The aftermath of 9/11: Effect of intensity and recency of trauma on outcome Academic Article uri icon


MeSH Major

  • Amygdala
  • Arousal
  • Magnetic Resonance Imaging
  • Mental Recall
  • September 11 Terrorist Attacks
  • Stress Disorders, Post-Traumatic


  • Does trauma exposure have a long-term impact on the brain and behavior of healthy individuals? The authors used functional magnetic resonance imaging to assess the impact of proximity to the disaster of September 11, 2001, on amygdala function in 22 healthy adults. More than three years after the terrorist attacks, bilateral amygdala activity in response to viewing fearful faces compared to calm ones was higher in people who were within 1.5 miles of the World Trade Center on 9/11, relative to those who were living more than 200 miles away (all were living in the New York metropolitan area at time of scan). This activity mediated the relationship between group status and current symptoms of posttraumatic stress disorder. In turn, the effect of group status on both amygdala activation (fearful vs. calm faces) and current symptoms was statistically explained by time since worst trauma in lifetime and intensity of worst trauma, as indicated by reported symptoms at time of the trauma. These data are consistent with a model of heightened amygdala reactivity following high-intensity trauma exposure, with relatively slow recovery.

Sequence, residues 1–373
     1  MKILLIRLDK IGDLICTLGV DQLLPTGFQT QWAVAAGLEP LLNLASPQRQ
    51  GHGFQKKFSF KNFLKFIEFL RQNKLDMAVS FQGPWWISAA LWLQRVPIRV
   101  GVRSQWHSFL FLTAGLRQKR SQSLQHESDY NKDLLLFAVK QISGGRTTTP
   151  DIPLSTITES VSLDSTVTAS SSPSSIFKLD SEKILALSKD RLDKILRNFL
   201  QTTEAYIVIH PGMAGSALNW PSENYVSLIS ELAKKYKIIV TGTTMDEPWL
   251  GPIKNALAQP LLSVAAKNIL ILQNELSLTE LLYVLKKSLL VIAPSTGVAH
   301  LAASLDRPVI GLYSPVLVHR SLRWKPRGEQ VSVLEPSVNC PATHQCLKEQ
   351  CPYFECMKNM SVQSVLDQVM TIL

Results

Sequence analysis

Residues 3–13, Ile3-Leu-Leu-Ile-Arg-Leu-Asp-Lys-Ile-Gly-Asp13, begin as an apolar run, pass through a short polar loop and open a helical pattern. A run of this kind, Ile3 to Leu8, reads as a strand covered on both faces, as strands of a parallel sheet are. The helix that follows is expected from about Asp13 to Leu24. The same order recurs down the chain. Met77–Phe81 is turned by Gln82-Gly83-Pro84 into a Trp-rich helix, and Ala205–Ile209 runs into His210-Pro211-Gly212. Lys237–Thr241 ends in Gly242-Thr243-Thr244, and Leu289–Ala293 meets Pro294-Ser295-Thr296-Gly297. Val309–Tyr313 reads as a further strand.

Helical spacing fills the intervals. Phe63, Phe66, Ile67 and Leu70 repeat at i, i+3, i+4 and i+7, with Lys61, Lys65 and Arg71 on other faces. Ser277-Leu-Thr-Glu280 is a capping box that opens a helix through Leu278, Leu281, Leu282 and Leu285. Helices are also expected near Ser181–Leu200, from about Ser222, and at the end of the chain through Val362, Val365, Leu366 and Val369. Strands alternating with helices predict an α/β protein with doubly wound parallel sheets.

publication date

  • May 2007



  • Academic Article



  • eng

PubMed Central ID

  • PMC2759706

Digital Object Identifier (DOI)

  • 10.1037/1528-3542.7.2.227

PubMed ID

  • 17516802

Additional Document Info

start page

  • 227

end page

  • 38


  • 7


  • 2